7Findings ContinuedOrganizations face challenges in hiring and retaining CHWs and that training across the state varies.Over 90% of employers of CHWs in Minnesota state a need for standardized training.Organizations cite a shortage of qualified CHWs as a barrier to providing culturally and linguistically appropriate servicesRetention is a problemEmployers indicated that standardized training would help ensure a better prepared CHW workforce and increase pool of qualified CHWs
8Findings ContinuedCHW participants in study felt that training was importantCore skill building training in specific areas was very importantCHWs felt training would validate the work they do and would help to receive recognition and respect from health care field.
9MnSCU- College and University Program Planning Study (cupps) MnSCU study completed before implementation of new programShows the size of gap (labor shortage or surplus) in programming to meet state or regional occupational needs.Job seeker shows whether there is a current worker shortage or surplusProgram planner study shows projected worker shortage or surplusLabor market information for report is supplied by MN Department of Employment and Economic Development.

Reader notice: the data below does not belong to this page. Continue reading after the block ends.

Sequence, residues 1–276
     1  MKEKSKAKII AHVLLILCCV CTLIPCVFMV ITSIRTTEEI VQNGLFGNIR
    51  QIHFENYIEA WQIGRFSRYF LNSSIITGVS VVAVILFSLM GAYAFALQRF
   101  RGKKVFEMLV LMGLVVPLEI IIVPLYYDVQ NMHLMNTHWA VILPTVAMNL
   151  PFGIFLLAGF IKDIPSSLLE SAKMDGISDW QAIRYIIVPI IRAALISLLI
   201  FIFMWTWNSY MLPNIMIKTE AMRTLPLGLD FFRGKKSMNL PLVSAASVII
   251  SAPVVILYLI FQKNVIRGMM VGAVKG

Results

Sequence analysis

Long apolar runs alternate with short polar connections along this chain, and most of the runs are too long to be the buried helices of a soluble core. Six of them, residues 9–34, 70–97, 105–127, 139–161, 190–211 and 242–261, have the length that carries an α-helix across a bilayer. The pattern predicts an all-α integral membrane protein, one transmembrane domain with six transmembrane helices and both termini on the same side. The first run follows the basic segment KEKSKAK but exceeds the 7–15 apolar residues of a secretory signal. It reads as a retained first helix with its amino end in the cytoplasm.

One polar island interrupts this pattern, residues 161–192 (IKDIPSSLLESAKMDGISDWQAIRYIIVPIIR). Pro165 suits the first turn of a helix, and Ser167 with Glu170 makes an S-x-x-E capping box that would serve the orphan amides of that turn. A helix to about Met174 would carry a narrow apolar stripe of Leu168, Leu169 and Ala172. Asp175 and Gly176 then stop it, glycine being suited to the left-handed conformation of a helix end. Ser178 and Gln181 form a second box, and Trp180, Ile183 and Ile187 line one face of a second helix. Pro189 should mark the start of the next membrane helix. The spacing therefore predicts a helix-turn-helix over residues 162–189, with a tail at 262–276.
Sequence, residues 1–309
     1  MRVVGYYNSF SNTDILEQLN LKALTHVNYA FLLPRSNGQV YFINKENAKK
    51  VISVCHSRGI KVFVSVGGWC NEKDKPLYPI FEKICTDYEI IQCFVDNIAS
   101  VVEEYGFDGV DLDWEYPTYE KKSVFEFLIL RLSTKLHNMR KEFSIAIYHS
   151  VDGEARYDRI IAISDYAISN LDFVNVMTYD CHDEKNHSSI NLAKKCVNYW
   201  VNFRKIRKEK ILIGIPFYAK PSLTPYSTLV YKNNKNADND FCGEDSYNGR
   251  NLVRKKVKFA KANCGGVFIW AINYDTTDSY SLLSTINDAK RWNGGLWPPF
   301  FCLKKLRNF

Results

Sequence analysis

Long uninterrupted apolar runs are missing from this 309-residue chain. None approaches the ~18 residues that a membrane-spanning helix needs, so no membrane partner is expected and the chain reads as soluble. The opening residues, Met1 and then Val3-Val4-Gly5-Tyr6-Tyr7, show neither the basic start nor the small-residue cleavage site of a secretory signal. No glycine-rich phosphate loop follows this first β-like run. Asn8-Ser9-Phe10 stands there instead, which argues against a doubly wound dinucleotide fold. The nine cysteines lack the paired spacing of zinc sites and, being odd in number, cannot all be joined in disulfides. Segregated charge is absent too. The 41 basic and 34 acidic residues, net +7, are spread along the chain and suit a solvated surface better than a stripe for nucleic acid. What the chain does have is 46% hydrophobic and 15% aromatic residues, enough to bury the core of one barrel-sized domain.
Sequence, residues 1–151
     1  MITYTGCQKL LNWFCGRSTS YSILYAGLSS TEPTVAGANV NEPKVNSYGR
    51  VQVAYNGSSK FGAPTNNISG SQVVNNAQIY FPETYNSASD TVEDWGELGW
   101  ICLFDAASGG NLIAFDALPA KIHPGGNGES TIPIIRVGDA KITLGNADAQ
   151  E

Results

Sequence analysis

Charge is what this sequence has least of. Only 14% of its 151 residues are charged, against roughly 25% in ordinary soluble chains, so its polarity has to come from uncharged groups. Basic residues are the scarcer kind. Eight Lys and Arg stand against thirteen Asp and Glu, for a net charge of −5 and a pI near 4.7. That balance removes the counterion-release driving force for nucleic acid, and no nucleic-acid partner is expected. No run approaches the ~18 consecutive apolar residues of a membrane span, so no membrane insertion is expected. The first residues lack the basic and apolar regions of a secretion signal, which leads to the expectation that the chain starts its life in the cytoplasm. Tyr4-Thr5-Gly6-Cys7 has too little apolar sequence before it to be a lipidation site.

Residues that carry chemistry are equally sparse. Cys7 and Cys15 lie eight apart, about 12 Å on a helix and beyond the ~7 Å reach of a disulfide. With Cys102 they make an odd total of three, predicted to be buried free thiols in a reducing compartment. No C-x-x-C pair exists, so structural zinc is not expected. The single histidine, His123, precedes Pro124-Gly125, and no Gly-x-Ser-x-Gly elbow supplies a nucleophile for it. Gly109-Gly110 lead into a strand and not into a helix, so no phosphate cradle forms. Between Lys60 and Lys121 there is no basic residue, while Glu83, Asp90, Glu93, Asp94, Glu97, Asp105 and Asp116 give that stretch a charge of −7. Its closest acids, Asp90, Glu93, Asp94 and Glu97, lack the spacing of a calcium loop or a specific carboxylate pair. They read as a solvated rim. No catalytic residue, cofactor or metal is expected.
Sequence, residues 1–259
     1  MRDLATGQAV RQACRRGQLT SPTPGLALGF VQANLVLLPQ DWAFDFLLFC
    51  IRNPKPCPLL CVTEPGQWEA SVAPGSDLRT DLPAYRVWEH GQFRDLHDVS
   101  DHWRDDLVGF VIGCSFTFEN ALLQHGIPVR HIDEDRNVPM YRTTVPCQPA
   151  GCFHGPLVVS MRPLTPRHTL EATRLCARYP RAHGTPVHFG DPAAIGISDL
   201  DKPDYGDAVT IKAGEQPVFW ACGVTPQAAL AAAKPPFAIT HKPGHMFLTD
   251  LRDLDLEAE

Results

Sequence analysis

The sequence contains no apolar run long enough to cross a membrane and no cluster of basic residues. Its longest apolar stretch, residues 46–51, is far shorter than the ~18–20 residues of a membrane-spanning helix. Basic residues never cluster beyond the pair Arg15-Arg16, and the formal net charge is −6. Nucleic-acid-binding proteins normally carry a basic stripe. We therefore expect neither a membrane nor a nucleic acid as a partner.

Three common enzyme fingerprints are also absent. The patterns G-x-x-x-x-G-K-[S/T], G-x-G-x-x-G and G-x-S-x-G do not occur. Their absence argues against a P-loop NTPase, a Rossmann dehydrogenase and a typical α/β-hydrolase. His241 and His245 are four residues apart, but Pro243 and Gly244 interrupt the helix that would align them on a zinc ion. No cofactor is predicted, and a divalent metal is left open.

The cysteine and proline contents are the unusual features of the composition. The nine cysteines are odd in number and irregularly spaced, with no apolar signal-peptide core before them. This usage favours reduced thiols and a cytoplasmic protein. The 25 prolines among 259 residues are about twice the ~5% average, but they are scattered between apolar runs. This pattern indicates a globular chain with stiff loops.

10Partnership Development Two CommitteesAdvisory CommitteeDeveloped curriculumRecruitment of studentsCommunity development of projectPolicy CouncilAdvance the role of CHWs in public and private sectorsDevelop recommended strategies to incorporate CHWs into the workforceMake the CHW a reimbursable position
11CHW Curriculum Design Partnership Development Development Meetings January 2004 – July 2004Curriculum Retreat2-Day retreat involving 12 individuals: faculty, CHWs, Community ProgramsCurriculum DevelopmentFive Faculty finished curriculumMnSCUDr. Sue Roe - consultant
12Curriculum – Sequence, Format, Level and Approach Structure and DeliveryWhat core skills do CHWs desireCreditsFinancial AssistanceLevel of ProficiencyFieldwork/InternshipCareer PathwaysDelivery of curriculum